When we left the water we discussed the glasses problem with something called the Kahaluu Bay Education Centre. a volunteer group working out of a trailer, to counsel reef protection but also to rent snorkel gear. They suggested a boogie board with a window in it, called a view board. We rented one, and quite liked the brand name - the Poi Pounder. Unfortunately it did not work very well, so on the next try Dodie only got a peek at some fish.

As we sat at a picnic table in the covered shelter, there was a Chinese family at the next table, including some grandparents, their daughter and son-in-law, and maybe some further grandkids. The son-in-law got a nasty gash on his hand and all but the grandparents hustled off to the emergency clinic. The grandparents sat and waited for a long time, longer than we were there, and we spoke to them a little. They were from Beijing. We ended with an invitation to drop in on them next time we are in China. That is very unlikely to happen, but it was still fun to make contact across cultures, at this halfway point, in the Pacific.

The snorkeling pond at Kahaluu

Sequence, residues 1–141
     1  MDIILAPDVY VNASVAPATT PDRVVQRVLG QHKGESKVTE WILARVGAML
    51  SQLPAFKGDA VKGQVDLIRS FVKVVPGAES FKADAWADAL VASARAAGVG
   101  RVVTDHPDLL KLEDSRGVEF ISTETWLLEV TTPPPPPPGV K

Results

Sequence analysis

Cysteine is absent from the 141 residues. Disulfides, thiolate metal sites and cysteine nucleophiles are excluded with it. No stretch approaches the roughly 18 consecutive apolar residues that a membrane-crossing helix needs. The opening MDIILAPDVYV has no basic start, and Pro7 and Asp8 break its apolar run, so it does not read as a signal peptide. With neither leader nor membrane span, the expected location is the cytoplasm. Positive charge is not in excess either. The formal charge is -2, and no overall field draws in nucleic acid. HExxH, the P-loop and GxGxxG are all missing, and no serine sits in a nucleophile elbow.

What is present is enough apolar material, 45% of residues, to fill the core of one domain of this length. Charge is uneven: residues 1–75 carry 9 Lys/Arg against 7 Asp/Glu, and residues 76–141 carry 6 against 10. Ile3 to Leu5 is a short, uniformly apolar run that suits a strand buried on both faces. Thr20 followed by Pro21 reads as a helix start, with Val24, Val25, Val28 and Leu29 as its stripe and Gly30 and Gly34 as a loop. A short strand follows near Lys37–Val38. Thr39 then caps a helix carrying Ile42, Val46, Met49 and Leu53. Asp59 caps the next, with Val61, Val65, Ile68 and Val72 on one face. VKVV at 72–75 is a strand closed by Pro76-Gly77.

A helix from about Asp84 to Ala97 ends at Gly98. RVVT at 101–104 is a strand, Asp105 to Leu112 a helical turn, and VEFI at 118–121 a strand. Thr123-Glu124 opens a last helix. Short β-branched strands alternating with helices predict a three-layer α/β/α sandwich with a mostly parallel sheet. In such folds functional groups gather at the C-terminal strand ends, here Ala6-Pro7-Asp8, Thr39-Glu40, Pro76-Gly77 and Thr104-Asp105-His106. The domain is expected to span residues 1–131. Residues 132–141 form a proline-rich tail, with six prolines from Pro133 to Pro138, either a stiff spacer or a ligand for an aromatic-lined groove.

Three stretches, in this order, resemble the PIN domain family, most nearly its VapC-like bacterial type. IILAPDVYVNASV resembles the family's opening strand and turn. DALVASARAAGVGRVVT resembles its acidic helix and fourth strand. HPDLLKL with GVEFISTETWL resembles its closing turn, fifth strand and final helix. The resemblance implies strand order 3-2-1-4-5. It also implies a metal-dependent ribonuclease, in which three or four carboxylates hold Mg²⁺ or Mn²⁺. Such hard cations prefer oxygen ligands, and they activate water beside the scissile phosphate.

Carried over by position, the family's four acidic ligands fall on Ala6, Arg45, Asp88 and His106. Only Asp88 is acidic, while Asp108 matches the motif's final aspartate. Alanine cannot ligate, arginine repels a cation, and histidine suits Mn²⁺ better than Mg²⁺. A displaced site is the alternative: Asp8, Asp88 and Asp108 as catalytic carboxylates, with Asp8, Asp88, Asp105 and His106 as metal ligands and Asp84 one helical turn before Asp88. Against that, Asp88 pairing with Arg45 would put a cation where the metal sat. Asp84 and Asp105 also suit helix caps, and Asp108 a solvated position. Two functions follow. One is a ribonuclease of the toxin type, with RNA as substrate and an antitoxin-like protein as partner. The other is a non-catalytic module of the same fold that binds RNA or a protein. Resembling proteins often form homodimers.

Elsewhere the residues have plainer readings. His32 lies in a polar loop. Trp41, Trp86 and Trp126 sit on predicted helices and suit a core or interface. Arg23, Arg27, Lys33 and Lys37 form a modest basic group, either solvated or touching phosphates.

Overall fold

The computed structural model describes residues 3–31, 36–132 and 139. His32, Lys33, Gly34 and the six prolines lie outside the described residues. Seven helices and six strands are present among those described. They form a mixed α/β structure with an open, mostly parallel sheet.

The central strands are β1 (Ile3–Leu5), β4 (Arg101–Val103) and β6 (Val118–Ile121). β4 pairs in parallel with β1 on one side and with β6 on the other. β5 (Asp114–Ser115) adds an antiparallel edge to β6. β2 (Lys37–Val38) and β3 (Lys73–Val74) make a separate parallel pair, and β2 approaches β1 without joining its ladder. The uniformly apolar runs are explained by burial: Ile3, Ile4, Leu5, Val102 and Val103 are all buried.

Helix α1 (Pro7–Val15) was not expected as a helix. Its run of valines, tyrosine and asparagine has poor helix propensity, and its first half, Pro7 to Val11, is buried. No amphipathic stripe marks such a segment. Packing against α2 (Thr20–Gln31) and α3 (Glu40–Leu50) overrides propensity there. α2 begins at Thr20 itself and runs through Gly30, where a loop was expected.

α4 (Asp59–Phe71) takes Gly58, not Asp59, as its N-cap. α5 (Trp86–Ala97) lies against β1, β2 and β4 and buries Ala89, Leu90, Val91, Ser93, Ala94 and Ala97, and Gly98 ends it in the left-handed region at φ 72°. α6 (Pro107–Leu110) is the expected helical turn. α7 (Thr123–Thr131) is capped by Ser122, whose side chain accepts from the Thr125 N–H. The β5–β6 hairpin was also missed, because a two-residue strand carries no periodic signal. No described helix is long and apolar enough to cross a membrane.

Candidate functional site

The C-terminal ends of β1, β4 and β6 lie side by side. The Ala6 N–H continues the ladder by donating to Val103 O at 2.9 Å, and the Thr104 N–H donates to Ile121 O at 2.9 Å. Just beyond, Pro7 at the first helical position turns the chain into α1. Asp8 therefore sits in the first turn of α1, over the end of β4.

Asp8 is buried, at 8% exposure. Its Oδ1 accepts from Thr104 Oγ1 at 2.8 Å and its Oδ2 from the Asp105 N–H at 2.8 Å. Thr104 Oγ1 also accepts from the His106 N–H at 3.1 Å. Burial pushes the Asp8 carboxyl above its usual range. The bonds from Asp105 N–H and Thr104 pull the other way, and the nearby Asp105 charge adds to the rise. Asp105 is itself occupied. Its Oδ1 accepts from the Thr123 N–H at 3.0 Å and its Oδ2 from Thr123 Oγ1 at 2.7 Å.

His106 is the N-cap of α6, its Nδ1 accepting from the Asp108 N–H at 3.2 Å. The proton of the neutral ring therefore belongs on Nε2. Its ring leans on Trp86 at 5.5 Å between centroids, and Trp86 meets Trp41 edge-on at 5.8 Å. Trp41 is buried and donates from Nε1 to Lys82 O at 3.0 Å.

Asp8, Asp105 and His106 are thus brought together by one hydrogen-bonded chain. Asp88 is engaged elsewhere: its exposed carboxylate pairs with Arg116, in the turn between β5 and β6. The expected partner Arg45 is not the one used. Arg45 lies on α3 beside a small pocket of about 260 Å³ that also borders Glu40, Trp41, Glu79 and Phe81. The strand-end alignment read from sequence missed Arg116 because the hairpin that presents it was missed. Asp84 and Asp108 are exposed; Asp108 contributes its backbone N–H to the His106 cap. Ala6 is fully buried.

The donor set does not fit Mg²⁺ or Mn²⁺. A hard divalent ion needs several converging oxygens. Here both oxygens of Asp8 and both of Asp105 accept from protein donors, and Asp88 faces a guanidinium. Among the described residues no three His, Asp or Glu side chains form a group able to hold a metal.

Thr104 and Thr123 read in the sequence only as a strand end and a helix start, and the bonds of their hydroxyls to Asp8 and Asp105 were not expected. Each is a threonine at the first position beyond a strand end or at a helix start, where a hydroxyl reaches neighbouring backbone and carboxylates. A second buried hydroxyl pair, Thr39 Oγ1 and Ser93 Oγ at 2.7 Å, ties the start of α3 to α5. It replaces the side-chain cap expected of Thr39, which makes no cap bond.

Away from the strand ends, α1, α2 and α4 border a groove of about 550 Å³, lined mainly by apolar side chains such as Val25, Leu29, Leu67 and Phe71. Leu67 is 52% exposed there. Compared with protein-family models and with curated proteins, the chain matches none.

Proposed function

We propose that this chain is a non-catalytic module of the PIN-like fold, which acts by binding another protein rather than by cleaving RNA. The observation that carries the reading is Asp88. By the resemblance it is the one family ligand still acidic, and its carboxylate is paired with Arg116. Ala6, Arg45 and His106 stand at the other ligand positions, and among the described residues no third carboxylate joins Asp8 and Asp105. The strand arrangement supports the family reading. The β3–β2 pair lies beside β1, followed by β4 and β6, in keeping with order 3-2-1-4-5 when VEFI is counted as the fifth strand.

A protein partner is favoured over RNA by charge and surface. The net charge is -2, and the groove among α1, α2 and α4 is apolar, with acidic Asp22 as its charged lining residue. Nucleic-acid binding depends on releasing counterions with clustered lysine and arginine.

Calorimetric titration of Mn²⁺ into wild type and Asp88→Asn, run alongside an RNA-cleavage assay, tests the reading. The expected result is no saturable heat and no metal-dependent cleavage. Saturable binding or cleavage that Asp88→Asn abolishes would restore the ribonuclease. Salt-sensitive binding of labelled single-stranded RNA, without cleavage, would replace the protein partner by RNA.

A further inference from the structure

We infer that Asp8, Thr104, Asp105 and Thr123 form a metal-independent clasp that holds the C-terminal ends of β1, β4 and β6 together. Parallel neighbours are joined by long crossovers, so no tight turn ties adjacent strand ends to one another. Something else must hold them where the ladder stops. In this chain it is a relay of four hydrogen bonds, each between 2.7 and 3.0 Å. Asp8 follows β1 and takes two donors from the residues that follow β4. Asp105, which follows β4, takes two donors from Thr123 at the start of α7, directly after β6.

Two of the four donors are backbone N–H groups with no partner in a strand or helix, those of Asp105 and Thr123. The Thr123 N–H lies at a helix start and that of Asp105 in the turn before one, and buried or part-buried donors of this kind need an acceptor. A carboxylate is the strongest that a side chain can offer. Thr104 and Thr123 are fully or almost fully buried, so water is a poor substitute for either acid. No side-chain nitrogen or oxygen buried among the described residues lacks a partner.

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There were many varieties to be seen - these are Moorish Idol
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and Humuhumu
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Yellow Tang
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Orangespine Unicornfish, and many more kinds
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Dodies "Poi Pounder"
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The Chinese grandparents
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A parting look a Kahaluu
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On the way back we stopped at a little marketplace that included in addition to the usual clothing and jewellery vendors, a wood dealer. We were impressed by a photo of the owner sitting on a large hunk of KOA. He said it had been bought by a mainland guitar maker for $10,000, an amount he felt the buyer would recover from the first few guitars made. Today there we a few lumps of KOA lying around, and we were surprised to find that the prices were about 1/4 of those at Aloha Woods. This is a source to remember, especially if we feel like building a few guitars!

Tomorrow is our last day here, and we thought about keeping the bikes together for one last morning ride. But it will make us nervous to not be packed, so we are likely to pack tonight, including the bikes, and continue tomorrow on foot (and fin).We will try to absorb as much sunshine as possible then, before being presumably doused with cold water back in Seattle.

$10,000 hunk of KOA
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Hunks of Koa for sale. The small bit in the front was $10
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Today's ride: 19 km (12 miles)
Total: 1,010 km (627 miles)